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Thanks for the help, I just got what I wanted and will give it a try.
 
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Old 04-19-14, 07:10 PM
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You are welcome kolias, just one note when you put the disk in that you created make sure in your boot order that the DVD drive is first. Also once the live cd starts it will boot from the disk fairly quickly. So if you are not installing the OS then that is fine and it will not make any changes to your computer. If however later you want to install then remember how fast the cd works on your computer and then use your up and down keys to go through the menu. If you want to install this and have a password you should remember Grub with text menu. The rest is fairly easy from then on.
 
  #23  
Old 04-20-14, 07:24 AM
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Could not get the PCLinuxOS boot, my laptop booted to the USB, got a black screen with some rolling parameters, then it went to a nice blue graphics screen with a progress loading bar which took about 4 minutes to complete and then it stopped. Re boot again with the same results.

I will start a new thread with another idea I have
 
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Old 04-21-14, 02:00 PM
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kolias, I'm not clear how you were attempting this boot. With the Linux Live CDs I am familiar with (which DOES NOT include PCLinux), the CD image either must be burned to a CD or it can be placed on a thumb drive. But if using an SD drive, it must be transferred to it by means of a 3rd party application, such as Pen Drive Linux's Universal USB Installer.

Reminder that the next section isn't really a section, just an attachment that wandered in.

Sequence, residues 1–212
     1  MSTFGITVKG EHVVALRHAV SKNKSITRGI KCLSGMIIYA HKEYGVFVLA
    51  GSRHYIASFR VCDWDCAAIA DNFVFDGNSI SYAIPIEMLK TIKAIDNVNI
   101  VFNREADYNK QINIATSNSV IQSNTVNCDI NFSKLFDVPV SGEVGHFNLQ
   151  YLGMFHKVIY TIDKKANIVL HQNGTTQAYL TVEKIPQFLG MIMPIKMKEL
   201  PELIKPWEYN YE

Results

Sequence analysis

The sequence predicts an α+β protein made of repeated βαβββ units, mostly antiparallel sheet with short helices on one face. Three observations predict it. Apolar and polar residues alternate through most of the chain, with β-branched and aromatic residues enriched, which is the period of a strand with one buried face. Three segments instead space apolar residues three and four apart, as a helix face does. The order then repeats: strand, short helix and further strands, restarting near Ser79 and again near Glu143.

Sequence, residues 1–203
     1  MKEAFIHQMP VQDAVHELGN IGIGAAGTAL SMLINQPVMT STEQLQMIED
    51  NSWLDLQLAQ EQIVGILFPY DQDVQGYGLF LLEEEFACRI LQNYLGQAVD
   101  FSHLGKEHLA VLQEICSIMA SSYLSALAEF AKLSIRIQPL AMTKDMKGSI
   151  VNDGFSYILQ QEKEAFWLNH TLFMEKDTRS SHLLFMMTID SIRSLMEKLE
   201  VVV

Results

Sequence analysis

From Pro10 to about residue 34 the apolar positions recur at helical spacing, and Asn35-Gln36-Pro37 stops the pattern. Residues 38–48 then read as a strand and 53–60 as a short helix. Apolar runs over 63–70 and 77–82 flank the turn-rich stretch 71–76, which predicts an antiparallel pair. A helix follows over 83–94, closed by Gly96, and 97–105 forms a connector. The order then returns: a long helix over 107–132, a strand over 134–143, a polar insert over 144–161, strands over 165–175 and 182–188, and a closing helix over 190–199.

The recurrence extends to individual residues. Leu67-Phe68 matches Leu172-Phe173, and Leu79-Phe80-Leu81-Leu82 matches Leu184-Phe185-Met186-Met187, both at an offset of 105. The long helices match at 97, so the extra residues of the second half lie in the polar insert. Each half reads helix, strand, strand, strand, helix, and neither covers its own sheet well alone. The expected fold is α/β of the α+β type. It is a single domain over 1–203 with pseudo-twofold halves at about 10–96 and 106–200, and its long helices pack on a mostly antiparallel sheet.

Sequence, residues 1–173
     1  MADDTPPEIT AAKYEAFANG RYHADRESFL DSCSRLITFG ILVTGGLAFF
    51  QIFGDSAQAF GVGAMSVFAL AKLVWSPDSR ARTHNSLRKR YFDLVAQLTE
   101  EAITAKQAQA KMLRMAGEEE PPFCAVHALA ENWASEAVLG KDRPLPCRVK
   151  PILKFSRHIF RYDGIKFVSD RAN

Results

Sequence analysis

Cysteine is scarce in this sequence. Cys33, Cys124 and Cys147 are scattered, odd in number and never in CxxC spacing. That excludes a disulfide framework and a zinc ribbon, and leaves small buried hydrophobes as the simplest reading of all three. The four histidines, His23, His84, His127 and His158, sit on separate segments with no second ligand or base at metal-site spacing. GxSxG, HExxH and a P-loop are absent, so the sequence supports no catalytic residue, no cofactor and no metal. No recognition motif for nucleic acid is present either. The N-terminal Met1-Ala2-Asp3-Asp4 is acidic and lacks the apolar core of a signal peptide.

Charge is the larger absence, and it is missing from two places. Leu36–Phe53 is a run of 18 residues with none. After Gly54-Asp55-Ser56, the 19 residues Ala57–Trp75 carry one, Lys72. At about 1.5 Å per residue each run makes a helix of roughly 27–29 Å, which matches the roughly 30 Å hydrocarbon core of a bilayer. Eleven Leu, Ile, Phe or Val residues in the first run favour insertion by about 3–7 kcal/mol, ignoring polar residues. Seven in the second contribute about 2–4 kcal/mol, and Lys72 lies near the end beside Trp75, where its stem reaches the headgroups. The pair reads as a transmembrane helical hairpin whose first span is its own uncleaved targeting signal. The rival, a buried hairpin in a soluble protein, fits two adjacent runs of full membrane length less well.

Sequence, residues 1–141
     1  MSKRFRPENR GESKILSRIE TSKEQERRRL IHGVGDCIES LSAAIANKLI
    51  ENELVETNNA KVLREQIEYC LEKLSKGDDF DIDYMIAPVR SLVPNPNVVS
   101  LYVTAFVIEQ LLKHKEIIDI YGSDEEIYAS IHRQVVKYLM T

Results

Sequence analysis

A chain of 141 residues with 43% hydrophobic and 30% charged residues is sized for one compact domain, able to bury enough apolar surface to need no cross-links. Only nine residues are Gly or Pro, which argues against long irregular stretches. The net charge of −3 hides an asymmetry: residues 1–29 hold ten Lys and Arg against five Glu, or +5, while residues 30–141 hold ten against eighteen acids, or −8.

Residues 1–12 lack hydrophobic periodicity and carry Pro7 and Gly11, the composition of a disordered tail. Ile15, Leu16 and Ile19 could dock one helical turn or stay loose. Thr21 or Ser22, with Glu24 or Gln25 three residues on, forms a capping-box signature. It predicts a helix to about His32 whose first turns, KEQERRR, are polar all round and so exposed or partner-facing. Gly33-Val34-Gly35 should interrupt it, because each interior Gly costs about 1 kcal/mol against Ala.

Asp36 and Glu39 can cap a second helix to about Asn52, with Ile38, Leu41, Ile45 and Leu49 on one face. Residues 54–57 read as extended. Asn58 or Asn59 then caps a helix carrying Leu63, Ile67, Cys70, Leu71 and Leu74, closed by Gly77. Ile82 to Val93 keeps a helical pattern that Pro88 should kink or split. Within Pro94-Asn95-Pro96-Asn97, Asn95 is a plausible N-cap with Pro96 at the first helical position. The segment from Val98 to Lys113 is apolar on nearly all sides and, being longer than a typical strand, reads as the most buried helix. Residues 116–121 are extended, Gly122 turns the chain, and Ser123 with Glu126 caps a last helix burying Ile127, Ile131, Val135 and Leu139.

If you burn it to a CD, I would be quite surprised to learn it would not boot. However, if you transferred the image (or the files contained in it) to an SD drive without the aid of some 3rd-party application to render it bootable, I would expect it to fail.

hedgeclippers, is the PCLinux image is an exception?


In any case, kolias, I would encourage you not to be disheartened by this set-back. I can't imagine a that you have a laptop that simply cannot boot to a Live CD ...somehow.
 
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Old 04-21-14, 02:25 PM
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You can boot PCLinuxOS off of a flash drive but I have never done so before so I really can't give proper advice on doing that. Now a DVD-R or CD-R that I can help you with, first thing to remember most PCLinuxOS if you use a disk will require a DVD-R. Put a blank DVD-R in your drive and then find your iso file of PCLinuxOS now right click on the file and use iso recorder that I mentioned before. It will say next so just click on that and iso recorder starts automatically.

One thing that can cause the OS to not work is a bad download but each distribution has an automatic way of checking it. Also some Linux will not work if you don't have enough memory or your system is very old and that too can cause a problem but it isn't a problem in your case from what you told me about your system.
 
  #26  
Old 04-21-14, 04:04 PM
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I copied the PCLinuxOS into my USB stick (they say you can do this to save on CD/DVD's). The process went smoothly, it format my USB and then copied the required files to my USB and at the end it said operation successful. I boot my desktop from the USB and it loaded PCLinuxOS (I guess) but it got stuck on a blue screen which says PCLinuxOS and thats it. There was nothing else on the screen to tell me what to do.

BTW as per post #20, I copied the "pclinux-kde-minime-2014.iso" which is 571MB.

Attached is the screenshot of what I had on my screen
 
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Old 04-21-14, 06:20 PM